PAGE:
The presence of chloride ions is particularly detrimental to the longevity of reinforced concrete structures, as they are capable of inflicting severe harm, especially in coastal, marine, or salt-exposed infrastructures [13]. Frequently, such structures incorporate cementitious materials derived from blast furnace slag [14], which, over time, tend to exhibit fine capillary porosity [15-18], a reduced permeability coefficient [17, 19], and a diminished chloride diffusion coefficient in cement pastes [20, 21], mortars [22, 23], and concrete [24, 25]. Moreover, blast furnace slag provides multifaceted advantages, including the valorization of industrial by-products, the mitigation of CO2 emissions during the clinkerization process [26, 27], the augmentation of workability [28-30], and the enhancement of compressive strength over extended durations [29-32].

Blast furnace slag, a by-product of the steel industry, is produced during the smelting of iron ore, coke, and fluxes, which is essential for cast iron preparation. Harvested from the blast furnace at temperatures between 1300℃ and 1600℃ [33], it is estimated that the production of one ton of cast iron may yield approximately 300 kg of slag [34]. The chemical composition of slag, predominantly consisting of CaO, SiO2, Al2O3, MgO, and FeO, shares similarities with the oxides found in ordinary Portland cement, albeit in differing ratios [34]. These compositional traits bestow upon slag certain hydraulic characteristics, although its hydration necessitates activation by either calcium or alkalis. Such activation is commonly achieved through portlandite from hydrated clinker or by calcium sulfate from gypsum, especially in the presence of Portland cement [35, 36]. Slag cement (CEM III) is produced in cement plants by substituting a significant portion of clinker—ranging from 36% to 95%—with slag [37].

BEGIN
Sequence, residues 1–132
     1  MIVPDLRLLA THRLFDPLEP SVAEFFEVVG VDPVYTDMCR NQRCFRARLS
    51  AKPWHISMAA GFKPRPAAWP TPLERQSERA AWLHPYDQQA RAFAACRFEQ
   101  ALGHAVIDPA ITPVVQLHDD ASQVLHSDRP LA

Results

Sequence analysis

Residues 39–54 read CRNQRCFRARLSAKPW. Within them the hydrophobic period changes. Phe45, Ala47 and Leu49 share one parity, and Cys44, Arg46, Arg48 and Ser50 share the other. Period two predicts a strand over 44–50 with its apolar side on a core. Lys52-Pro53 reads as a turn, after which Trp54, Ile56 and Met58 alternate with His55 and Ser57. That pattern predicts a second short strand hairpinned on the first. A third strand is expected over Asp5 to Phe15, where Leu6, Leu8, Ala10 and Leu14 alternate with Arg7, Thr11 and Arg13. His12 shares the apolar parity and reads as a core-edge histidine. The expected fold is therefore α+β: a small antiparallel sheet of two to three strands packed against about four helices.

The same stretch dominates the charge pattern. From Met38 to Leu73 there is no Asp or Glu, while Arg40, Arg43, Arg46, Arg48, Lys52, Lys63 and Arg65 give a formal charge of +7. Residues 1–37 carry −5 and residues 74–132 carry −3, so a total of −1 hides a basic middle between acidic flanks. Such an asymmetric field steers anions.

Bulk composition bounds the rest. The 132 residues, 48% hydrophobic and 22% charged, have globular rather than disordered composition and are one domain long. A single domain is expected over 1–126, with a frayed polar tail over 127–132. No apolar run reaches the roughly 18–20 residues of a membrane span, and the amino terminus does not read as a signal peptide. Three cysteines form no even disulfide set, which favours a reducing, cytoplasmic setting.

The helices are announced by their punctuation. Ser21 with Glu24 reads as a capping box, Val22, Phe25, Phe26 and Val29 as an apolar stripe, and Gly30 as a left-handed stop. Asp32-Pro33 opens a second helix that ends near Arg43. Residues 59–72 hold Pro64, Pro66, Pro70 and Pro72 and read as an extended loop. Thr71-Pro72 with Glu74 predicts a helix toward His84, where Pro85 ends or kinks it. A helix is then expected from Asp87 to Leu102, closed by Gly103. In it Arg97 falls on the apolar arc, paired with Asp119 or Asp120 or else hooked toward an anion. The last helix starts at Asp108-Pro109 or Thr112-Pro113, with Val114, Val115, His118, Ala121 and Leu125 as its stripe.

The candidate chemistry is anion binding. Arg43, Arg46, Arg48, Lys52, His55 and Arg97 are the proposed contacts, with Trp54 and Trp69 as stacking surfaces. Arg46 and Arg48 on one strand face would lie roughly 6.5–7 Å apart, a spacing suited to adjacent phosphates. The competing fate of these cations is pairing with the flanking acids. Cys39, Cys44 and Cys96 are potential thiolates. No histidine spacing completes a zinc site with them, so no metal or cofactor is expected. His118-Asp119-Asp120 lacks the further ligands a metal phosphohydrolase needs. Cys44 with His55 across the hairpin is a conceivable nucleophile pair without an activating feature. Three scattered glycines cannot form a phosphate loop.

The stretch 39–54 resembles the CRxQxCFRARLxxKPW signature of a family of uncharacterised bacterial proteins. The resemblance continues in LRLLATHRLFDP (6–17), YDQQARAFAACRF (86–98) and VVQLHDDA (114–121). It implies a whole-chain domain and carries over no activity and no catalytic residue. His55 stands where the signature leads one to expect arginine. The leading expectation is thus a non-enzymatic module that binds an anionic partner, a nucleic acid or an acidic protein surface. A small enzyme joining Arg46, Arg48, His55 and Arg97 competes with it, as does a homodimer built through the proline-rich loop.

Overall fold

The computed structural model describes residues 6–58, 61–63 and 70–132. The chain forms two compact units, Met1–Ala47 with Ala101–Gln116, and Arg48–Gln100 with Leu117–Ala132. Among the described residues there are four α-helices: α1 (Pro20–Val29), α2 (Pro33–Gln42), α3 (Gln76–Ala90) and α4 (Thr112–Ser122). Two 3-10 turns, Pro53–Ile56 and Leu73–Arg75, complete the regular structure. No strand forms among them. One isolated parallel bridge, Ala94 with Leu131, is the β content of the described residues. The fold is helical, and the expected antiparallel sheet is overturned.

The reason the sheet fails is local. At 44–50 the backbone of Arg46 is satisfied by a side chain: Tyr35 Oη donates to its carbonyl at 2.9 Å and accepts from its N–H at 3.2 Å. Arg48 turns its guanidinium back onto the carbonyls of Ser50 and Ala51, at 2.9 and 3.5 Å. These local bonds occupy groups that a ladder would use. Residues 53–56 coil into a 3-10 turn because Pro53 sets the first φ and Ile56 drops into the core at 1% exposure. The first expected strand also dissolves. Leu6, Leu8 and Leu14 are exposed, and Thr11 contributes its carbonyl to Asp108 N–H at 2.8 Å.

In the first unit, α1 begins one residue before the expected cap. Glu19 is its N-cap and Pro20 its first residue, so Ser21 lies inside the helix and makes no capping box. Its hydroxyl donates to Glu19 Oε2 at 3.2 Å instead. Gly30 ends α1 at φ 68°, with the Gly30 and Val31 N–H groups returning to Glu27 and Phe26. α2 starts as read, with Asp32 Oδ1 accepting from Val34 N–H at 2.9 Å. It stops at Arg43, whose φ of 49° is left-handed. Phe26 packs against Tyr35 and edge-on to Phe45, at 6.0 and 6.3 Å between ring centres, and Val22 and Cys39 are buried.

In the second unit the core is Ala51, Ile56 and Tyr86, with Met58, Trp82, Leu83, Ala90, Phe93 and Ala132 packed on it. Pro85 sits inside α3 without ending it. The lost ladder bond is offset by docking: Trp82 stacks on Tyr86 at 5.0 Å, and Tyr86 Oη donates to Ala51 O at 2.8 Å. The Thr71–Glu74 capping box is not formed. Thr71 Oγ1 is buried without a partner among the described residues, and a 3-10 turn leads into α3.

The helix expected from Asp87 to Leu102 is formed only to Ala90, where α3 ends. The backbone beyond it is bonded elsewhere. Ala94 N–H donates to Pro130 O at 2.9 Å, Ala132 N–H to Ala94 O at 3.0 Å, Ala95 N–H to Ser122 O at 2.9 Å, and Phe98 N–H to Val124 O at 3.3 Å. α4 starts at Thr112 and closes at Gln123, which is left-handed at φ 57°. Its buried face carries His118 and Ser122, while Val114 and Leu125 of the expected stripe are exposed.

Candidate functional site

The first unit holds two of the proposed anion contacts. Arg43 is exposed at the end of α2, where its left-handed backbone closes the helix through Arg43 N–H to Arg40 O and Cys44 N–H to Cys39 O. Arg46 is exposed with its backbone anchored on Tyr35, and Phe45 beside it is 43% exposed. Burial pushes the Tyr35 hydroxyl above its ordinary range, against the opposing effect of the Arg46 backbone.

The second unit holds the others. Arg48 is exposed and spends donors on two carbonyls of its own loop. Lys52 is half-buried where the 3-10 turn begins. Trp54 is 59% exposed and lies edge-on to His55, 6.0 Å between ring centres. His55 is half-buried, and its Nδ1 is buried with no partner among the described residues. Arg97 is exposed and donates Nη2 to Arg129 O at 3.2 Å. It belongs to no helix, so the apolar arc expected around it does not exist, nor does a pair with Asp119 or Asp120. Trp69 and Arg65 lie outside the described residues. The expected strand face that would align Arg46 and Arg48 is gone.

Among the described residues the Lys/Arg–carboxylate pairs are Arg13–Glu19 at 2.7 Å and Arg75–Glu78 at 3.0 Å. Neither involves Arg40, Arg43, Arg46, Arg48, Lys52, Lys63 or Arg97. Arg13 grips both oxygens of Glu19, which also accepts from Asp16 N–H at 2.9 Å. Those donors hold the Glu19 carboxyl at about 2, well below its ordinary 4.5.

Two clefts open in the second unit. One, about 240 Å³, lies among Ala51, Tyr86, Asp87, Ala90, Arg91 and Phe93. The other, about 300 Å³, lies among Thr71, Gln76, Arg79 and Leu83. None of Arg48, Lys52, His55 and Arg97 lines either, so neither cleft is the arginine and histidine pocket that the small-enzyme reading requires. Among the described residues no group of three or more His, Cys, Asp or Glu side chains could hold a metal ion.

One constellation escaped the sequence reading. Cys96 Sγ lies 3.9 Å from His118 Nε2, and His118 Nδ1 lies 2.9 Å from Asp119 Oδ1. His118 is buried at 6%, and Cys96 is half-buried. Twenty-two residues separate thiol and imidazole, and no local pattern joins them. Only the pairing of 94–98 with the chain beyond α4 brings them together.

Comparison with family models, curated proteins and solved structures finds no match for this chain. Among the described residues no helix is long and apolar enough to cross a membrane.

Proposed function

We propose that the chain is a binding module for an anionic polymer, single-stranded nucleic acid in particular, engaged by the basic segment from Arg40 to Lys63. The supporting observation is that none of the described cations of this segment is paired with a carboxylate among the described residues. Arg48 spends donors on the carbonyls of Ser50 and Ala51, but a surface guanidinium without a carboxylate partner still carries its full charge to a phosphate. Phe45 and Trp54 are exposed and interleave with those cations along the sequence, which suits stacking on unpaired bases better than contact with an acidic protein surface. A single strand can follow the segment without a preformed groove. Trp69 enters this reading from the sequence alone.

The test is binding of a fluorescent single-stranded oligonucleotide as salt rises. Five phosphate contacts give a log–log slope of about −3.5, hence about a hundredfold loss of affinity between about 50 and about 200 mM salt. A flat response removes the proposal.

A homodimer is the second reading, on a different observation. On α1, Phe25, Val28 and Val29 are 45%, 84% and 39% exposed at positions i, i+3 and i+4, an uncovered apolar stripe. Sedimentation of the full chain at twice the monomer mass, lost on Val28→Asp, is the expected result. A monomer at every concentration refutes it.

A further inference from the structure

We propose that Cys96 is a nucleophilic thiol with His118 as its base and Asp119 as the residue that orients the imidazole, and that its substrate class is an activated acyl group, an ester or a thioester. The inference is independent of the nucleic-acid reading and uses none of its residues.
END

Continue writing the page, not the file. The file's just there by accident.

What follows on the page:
In recent years, the scholarly focus has been placed on the impact of blast furnace slag on the diffusion of chloride ions within cementitious materials [4, 38-40] prior to fire exposure. Despite these efforts, the post-fire behavior of chloride ion diffusion in such materials remains underexplored. In response to this research void, the present study endeavors to critically evaluate and contrast the durability, gas permeability, and chloride ion diffusivity of CEMIII and CEMI concretes subsequent to fire exposure.

2. Experimental Protocols

2.1 Materials used

The present study was carried out on two distinct concretes prepared with two different types of cement. The first concrete (BI) was based on Portland cement (CEM I 52.5 N), and the second one (BIII) contained blast furnace cement (CEM III / A 52.5 N). In addition, the Blaine fineness of the two types of cement was respectively equal to 3650 cm2/g and 4263 cm2/g. And their specific gravity was 3.15 and 2.98, respectively. Moreover, their respective physicochemical compositions and mineralogical are given in Tables 1 and 2.

Table 1. Elemental chemical composition of the cements (%)




























Table 2. Mineralogical composition of the cements (%)
















Table 3. Formulation of ordinary concrete (Kg/m3)




Sand 0/4

Gravel 6.3/10

Gravel 10/20













The granular skeleton was composed of fine aggregates (sand) which generally contain quartz, and coarse aggregates (gravel) which is mainly composed of silica and quartz. In addition, it should also be noted that, before mixing, the sand and gravel were previously dried in an oven at 60℃, for two days, in order to remove excess water. Then, this sand was screened according to a sieving process to obtain a particle gradation of 0/4 with a density of 2.6 and a water absorption coefficient of 1.2%. Likewise, the aggregates were sieved separately in order to obtain two more granular classes (6.3/10 and 10/20) with a density of 2.66 and a water absorption coefficient of 0.5%. Table 3 shows the compositions of the concretes used, for water-to-cement (W/C) ratio equal to 0.5 and a sand-to-cement (S/C) ratio equal to 1.775.